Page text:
The tattoo on England forward Raheem Sterling's left forearm suggests that he may have been predestined to play the role he has been thrust into at the World Cup.
Depicting a boy in a number 10 shirt clutching a football and looking up at the arch of Wembley Stadium, it represents both the past and the thrilling future that the 19-year-old Liverpool winger now embodies.
Jamaica-born Sterling grew up a short walk from the English national stadium in northwest London and the tattoo symbolises the childhood dreams he once harboured that are now coming true beneath the Brazilian sun.
"I grew up five minutes from the stadium," Sterling told newspaper journalists at England's Rio de Janeiro training base on Tuesday.
"I used to ride my bike round this little car park that was by the stadium.
"I used to say to myself, 'One day, I'd like to play there. Hopefully I could do that,' and I am really grateful to be given that opportunity.
"I know there have been some great players who have played for this country, so for me to be selected in the national team was a great achievement for me."
The figure on the boy's back has taken on added relevance in the wake of Sterling's World Cup debut in the 2-1 loss to Italy on Saturday, when he was selected at number 10 and Wayne Rooney was exiled to the left flank.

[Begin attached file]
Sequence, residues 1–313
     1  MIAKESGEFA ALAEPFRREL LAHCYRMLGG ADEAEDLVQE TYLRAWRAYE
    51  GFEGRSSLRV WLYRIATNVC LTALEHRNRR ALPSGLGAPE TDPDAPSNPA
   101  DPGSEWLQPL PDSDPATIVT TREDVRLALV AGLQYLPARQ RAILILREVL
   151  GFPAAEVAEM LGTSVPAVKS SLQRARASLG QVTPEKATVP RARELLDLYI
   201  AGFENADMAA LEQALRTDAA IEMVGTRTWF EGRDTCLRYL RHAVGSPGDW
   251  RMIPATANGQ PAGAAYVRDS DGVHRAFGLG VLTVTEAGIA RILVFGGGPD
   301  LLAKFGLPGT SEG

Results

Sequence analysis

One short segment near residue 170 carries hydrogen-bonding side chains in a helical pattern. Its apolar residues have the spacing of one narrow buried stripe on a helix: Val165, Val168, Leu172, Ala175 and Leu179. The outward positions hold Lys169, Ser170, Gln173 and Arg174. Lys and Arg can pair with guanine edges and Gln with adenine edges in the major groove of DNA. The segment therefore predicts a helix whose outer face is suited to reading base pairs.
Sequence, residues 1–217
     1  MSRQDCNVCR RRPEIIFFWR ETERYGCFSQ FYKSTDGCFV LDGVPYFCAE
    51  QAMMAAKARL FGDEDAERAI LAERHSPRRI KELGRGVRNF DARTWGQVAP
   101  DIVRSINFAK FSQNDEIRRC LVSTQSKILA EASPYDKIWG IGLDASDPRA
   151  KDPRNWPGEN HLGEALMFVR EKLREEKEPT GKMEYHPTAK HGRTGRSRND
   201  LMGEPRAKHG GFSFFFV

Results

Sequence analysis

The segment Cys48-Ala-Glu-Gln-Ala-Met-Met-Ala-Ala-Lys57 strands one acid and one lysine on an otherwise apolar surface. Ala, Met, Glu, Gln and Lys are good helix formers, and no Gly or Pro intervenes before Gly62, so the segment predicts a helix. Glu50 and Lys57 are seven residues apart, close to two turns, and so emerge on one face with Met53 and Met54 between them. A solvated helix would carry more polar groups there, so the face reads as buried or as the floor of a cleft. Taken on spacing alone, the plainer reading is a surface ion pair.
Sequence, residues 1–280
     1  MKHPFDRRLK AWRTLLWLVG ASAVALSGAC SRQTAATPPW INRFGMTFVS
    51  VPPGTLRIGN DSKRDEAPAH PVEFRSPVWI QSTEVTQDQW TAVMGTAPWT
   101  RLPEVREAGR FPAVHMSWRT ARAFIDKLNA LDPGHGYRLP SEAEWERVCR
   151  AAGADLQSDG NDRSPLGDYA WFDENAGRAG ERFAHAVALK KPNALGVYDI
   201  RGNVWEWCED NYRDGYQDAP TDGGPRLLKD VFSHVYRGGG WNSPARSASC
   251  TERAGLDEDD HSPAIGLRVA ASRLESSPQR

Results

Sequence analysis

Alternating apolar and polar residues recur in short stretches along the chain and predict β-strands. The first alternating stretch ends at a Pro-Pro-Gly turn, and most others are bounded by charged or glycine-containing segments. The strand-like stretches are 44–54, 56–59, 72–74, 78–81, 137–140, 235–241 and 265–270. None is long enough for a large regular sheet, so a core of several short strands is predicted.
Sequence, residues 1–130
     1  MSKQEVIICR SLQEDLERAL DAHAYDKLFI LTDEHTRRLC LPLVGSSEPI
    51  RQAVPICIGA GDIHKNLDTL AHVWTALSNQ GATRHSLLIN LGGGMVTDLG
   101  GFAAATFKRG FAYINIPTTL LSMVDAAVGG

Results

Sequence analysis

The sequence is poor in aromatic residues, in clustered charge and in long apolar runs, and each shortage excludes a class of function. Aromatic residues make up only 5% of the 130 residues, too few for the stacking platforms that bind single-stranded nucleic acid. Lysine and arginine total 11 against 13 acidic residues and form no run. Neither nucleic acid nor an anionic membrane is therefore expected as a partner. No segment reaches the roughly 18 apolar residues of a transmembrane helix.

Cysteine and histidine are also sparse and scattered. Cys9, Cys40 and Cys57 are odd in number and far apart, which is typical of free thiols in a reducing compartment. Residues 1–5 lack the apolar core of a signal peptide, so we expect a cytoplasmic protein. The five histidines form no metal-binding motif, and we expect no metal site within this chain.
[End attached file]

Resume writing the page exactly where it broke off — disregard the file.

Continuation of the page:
The effervescence of Sterling's display suggested that Rooney may struggle to get his preferred position back, but the teenager says that he will readily step aside if manager Roy Hodgson elects to restore the Manchester United striker to a central role against Uruguay on Thursday.
"I would be happy to play anywhere the manager puts me," Sterling said.
"I am a team player. I will be working for the team regardless of which position I play in.
"I don't think the team was built around me necessarily. I just think the manager thought that was the right position for me at the time, with my pressing and my closing down."
- 'Just another game' -
Sterling took to World Cup football with arresting ease, testing Italy goalkeeper Salvatore Sirigu with a rasping 30-yard drive inside the first five minutes and producing a glorious pass to Rooney in the build-up to Daniel Sturridge's 37th-minute goal.
"It was a big occasion for me -- my first competitive start -- so I tried to think of it as just another game and give it my best shot," Sterling explained.
"It wasn't enough at the end of the day, but the team did some really impressive stuff and we will go out on Thursday ready to go again."
Asked if anything frightened him, the former Queens Park Rangers trainee replied: "No. I'm young and I'm learning and I'm taking every day as it goes, but I've got a lot to learn and grow up.
"I do worry about stuff, but at the same time I'm learning every day and have people around me guiding me in the right way."
Sterling was one of five Liverpool players in England's starting line-up in Manaus and there will be six on the pitch in Sao Paulo if Uruguay's Luis Suarez is declared fit to start following knee surgery.
Uruguay's shock 3-1 defeat by Costa Rica means that the South American champions are similarly desperate for points and Sterling joked that in the circumstances, it might be better for England if Suarez cannot play.
"I'd rather not see him on the pitch, really," Sterling said with a smile.